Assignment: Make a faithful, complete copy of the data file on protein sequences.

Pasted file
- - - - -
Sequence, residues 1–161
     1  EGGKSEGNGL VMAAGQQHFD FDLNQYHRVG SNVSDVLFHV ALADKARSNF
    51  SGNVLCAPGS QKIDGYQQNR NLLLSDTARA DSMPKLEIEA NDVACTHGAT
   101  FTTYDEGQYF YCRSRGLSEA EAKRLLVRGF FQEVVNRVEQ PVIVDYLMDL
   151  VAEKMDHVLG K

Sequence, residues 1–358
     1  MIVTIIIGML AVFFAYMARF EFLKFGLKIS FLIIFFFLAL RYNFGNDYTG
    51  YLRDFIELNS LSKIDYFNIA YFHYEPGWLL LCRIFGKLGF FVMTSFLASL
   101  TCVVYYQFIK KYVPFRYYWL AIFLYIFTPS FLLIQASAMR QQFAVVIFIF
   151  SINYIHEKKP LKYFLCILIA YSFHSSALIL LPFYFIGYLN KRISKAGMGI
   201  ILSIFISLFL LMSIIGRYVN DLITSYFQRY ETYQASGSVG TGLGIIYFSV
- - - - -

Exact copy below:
Sequence, residues 1–161
     1  EGGKSEGNGL VMAAGQQHFD FDLNQYHRVG SNVSDVLFHV ALADKARSNF
    51  SGNVLCAPGS QKIDGYQQNR NLLLSDTARA DSMPKLEIEA NDVACTHGAT
   101  FTTYDEGQYF YCRSRGLSEA EAKRLLVRGF FQEVVNRVEQ PVIVDYLMDL
   151  VAEKMDHVLG K

Sequence, residues 1–358
     1  MIVTIIIGML AVFFAYMARF EFLKFGLKIS FLIIFFFLAL RYNFGNDYTG
    51  YLRDFIELNS LSKIDYFNIA YFHYEPGWLL LCRIFGKLGF FVMTSFLASL
   101  TCVVYYQFIK KYVPFRYYWL AIFLYIFTPS FLLIQASAMR QQFAVVIFIF
   151  SINYIHEKKP LKYFLCILIA YSFHSSALIL LPFYFIGYLN KRISKAGMGI
   201  ILSIFISLFL LMSIIGRYVN DLITSYFQRY ETYQASGSVG TGLGIIYFSV